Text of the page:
Walmart to curtail ammunition sales after store shootings
Walmart Inc. will stop selling some types of ammunition and ask customers to not openly carry firearms in its aisles in the wake of two deadly shootings in its stores that pressured the nation’s largest retailer to alter its gun-sales policies.
The company will discontinue sales of .223 caliber ammunition and other sizes that can be used on assault-style weapons once it has sold through its current inventory commitments, it said in a statement to employees Tuesday. The retailer will also stop offering handgun ammunition after it has sold through existing stocks. In addition, Walmart will end handgun sales in Alaska, the only state where it still sells them, and is “respectfully requesting” that shoppers not open-carry guns in states where it’s permitted.
“It’s clear to us that the status quo is unacceptable,” Chief Executive Officer Doug McMillon said in the statement. “We know these decisions will inconvenience some of our customers, and we hope they will understand.”
The moves—which Walmart said will reduce its market share of ammunition to between 6 percent and 9 percent, down from about 20 percent currently—represent the retailer’s first big steps since attacks in stores in Texas and Mississippi left 24 people dead. Its only response until now involved removing displays of violent video games, a move criticized by gun-control advocates as feckless.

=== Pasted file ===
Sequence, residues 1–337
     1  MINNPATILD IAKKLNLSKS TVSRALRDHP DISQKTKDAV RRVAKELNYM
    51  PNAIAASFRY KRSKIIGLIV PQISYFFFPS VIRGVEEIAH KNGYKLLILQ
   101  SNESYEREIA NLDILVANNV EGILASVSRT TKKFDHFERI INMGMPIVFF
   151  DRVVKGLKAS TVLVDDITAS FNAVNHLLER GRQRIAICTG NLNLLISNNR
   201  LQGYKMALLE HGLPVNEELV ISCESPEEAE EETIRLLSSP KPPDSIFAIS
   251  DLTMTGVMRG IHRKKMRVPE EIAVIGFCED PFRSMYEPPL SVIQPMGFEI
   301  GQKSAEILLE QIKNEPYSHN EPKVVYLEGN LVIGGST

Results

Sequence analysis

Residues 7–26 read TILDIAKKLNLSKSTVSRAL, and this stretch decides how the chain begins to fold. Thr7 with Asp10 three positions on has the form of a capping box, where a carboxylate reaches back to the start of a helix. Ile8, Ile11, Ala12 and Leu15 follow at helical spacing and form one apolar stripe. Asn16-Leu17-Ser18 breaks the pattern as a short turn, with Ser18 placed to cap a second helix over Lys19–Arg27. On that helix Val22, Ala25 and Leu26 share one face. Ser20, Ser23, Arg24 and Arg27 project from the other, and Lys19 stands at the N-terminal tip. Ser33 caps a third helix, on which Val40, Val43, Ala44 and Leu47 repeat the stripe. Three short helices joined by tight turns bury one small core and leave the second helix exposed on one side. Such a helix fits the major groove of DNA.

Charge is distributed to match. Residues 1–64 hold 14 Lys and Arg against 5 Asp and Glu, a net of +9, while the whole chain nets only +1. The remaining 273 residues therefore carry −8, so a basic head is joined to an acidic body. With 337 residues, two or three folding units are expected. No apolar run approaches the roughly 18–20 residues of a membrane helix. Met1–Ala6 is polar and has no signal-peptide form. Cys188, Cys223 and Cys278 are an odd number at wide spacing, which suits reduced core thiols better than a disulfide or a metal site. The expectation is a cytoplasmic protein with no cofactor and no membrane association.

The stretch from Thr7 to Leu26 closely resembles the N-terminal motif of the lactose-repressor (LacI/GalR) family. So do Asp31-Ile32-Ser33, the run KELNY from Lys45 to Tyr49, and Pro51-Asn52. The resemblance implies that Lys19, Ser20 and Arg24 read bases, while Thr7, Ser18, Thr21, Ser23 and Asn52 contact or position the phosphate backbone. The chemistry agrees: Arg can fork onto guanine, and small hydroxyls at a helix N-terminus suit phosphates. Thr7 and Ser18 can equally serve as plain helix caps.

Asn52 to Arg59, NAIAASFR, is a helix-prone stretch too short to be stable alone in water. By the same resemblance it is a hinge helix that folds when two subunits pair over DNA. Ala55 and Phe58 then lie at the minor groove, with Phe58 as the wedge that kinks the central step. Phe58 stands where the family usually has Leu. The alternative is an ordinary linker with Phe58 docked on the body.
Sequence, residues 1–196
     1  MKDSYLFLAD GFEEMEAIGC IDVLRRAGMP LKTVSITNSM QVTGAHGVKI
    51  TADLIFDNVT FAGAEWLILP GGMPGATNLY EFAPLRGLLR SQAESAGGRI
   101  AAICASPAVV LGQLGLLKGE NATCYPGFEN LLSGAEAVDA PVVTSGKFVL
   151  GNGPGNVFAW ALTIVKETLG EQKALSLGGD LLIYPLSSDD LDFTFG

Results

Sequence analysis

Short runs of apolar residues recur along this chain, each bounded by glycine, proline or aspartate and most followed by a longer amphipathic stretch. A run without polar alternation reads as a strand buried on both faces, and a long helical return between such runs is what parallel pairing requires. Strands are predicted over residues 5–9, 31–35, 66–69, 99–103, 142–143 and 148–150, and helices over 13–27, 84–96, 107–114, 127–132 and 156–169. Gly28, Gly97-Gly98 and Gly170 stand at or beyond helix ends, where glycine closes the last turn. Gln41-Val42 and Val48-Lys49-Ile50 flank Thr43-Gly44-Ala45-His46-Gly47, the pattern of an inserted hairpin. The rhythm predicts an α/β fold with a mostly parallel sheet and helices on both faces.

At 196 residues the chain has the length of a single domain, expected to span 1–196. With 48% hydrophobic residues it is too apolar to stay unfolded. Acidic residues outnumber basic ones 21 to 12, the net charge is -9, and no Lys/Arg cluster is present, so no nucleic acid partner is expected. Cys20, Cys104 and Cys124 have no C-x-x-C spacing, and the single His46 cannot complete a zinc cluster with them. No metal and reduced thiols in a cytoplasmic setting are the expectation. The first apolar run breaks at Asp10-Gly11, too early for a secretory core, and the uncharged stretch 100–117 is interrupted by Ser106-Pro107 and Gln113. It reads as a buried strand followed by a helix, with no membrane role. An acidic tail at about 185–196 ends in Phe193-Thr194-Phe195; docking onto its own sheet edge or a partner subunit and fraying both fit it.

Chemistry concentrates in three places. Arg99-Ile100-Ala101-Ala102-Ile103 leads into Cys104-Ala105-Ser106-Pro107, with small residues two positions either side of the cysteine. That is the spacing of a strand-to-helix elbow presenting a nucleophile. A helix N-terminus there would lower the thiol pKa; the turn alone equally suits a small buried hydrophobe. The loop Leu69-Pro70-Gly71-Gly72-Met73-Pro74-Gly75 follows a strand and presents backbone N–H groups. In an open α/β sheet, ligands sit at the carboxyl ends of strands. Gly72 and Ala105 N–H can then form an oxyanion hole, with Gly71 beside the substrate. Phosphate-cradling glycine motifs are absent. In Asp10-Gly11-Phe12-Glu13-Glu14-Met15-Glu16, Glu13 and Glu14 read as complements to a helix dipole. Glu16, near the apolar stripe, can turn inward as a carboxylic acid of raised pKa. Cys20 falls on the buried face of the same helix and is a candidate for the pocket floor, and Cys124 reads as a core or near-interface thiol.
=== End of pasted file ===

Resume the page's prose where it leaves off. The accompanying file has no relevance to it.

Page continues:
McMillon, who called himself a gun owner in the statement, also reiterated his call for Congress to debate an assault weapons ban and said background checks should be strengthened. He sent letters to the White House and Congress on Tuesday “that call for action on these common sense measures.”
In the letter to Congress, Walmart said legislators should consider bills that would strengthen background checks and remove firearms from individuals deemed to be dangerous. The company also said lawmakers should fund research “that helps our country better understand the root causes that lead to this type of violent behavior.”
Walmart already runs background checks on all gun purchases and only sells to customers who have cleared them, the company said. The Bentonville, Arkansas-based retailer said it would explore sharing its proprietary gun-sales technology platform with other retailers.
Shoppers who attempt to open carry, excluding authorized law enforcement officers, will be informed by staff members about the new policy with a “non-confrontational approach,” Walmart said, noting that it will soon share more details on how to do that safely. Employees will get training on how to deal with customers carrying guns openly and signs will go up in stores detailing the new rules, Walmart executive vice president Dan Bartlett said on a call with reporters.
When it comes to concealed carry by customers with permits, Walmart is not changing its policy.
Walmart has had to evacuate stores several times in recent months after customers walked in with firearms visible, including an incident last month in Missouri when a man armed with a rifle and wearing body armor was arrested.
“We know the vast majority will understand the new policy, and we will prepare for those who don’t,” Bartlett said.